## Introduction

So far, in this 3-part series about linked lists in Python, we started our discussion about the linked list. We saw what the linked list is along with its advantages and disadvantages. We also studied some of the most commonly used linked list methods such as traversal, insertion, deletion, searching, and counting an element. Finally, we saw how to reverse a linked list.

In this article, we will continue from where we left in the last article and will see how to sort a linked list using bubble and merge sort, and how to merge two sorted linked lists.

Before we continue, it is imperative to mention that you should create the `Node`

and `LinkedList`

classes that we created in the last article.

**Our 3-part series about linked lists in Python:**

## Sorting a Linked Lists using Bubble Sort

There are two ways to sort a linked list using bubble sort:

- Exchanging data between nodes
- Modifying the links between nodes

In this section, we will see how both these approaches work. We will use the bubble sort algorithm to first sort the linked list by changing the data, and then we will see how we can use bubble sort to change the links in order to sort the linked list.

### Sorting Linked List by Exchanging Data

To sort a linked list by exchanging data, we need to declare three variables `p`

, `q`

, and `end`

. The variable `p`

will be initialized with the start node, while the `end`

will be set to `None`

.

**Note:** It is important to remember that to sort the list with `n`

elements using bubble sort, you need `n-1`

iterations.

To implement bubble sort, we need two `while`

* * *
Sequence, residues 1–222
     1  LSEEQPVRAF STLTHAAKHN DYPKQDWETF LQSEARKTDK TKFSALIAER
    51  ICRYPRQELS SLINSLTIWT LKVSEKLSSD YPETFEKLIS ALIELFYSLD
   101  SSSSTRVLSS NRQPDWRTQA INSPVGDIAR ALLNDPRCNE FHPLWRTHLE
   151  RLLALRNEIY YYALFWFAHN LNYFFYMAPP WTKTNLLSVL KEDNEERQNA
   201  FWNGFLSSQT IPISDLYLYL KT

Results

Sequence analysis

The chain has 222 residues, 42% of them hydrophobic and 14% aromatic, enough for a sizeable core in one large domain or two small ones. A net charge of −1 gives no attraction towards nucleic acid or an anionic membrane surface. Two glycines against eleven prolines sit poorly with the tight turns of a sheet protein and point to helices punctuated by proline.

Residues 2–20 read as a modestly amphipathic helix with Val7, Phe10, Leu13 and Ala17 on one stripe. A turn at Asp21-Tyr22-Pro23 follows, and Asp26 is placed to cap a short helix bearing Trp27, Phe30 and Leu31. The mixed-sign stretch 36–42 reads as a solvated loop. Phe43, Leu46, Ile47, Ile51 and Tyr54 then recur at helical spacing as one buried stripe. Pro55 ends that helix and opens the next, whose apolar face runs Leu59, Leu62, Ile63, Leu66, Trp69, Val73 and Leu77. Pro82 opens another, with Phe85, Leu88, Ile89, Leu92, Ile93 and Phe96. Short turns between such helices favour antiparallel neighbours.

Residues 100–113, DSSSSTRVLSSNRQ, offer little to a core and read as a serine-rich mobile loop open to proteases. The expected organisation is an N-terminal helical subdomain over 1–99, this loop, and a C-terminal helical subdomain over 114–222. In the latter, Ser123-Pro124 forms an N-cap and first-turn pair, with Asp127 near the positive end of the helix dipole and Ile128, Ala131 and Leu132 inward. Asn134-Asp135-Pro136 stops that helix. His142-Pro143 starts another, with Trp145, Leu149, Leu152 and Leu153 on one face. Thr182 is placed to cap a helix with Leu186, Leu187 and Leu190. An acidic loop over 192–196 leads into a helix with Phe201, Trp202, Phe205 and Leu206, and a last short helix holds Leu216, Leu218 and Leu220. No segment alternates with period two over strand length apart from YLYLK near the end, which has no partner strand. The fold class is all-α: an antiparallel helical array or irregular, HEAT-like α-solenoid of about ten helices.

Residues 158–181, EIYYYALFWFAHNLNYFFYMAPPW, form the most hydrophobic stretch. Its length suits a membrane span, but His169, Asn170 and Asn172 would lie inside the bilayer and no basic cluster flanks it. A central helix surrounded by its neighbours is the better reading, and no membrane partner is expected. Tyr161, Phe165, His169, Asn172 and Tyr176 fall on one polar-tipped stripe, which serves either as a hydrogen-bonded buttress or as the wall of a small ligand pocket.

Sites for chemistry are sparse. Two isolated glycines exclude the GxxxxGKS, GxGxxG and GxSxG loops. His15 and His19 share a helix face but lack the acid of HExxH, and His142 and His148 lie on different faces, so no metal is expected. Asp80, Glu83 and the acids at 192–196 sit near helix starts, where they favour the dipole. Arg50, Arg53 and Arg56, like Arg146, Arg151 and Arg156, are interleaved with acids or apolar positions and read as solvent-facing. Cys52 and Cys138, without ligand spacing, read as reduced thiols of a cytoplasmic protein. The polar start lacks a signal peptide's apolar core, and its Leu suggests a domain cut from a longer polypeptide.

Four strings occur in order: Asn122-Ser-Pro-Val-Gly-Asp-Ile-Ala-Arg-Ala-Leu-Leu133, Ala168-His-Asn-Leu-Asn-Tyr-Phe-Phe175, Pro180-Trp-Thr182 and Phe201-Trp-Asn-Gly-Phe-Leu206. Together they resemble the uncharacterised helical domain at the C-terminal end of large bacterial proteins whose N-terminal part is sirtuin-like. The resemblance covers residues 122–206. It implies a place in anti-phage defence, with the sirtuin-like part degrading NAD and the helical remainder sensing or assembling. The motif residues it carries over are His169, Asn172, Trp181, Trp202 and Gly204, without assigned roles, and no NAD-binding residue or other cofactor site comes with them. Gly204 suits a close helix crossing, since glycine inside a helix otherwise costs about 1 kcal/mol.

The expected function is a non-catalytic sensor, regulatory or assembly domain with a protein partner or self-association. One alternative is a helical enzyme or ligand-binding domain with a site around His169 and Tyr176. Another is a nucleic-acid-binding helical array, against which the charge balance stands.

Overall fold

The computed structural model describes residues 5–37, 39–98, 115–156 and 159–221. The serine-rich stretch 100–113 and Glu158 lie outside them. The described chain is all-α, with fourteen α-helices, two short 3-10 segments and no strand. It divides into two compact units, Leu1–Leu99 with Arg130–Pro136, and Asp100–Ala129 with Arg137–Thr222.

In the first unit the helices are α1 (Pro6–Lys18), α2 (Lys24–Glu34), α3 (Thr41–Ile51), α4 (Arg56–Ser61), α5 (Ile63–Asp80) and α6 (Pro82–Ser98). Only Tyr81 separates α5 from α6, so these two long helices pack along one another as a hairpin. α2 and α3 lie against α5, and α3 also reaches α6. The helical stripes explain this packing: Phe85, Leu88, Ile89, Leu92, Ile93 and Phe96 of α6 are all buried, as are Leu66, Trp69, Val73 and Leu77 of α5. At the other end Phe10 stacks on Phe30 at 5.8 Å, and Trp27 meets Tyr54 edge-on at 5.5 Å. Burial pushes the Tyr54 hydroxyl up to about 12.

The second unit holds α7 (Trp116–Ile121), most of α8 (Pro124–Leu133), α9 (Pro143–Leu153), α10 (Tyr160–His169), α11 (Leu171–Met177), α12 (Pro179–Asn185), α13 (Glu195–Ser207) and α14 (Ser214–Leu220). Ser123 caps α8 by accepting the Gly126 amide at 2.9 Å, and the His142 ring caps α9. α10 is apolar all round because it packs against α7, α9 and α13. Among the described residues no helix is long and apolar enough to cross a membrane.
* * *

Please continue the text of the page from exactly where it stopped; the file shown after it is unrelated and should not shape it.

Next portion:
loops. The outer `while`

loop executes until the value of the variable `end`

is equal to the `self.start_node`

.

The inner `while`

loop executes until `p`

becomes equal to the `end`

variable. Inside the outer `while`

loop, the value of `p`

will be set to `self.start_node`

which is the first node. Inside the inner `while`

loop, the value of `q`

will be set to `p.link`

which is actually the node next to `q`

. Then the values of `p`

and `q`

will be compared if `p`

is greater than `q`

the values of both the variables will be swapped and then `p`

will point to `p.ref`

, which is the next node. Finally, the `end`

will be assigned the value of `p`

. This process continues until the linked list is sorted.

Let's understand this process with the help of an example. Suppose we have the following list:

```
8,7,1,6,9
```

Let's implement our algorithm to sort the list. We'll see what will happen during each iteration.

The purpose of the bubble sort is that during each iteration, the largest value should be pushed to the end, hence at the end of all iterations, the list will automatically be sorted.

Before the loop executes, the value of `end`

is set to `None`

.

In the first iteration, `p`

will be set to `8`

, and `q`

will be set to `7`

. Since `p`

is greater than `q`

, the values will be swapped and `p`

will become `p.ref`

. At this point in time, the linked list will look like this:

```
7,8,1,6,9
```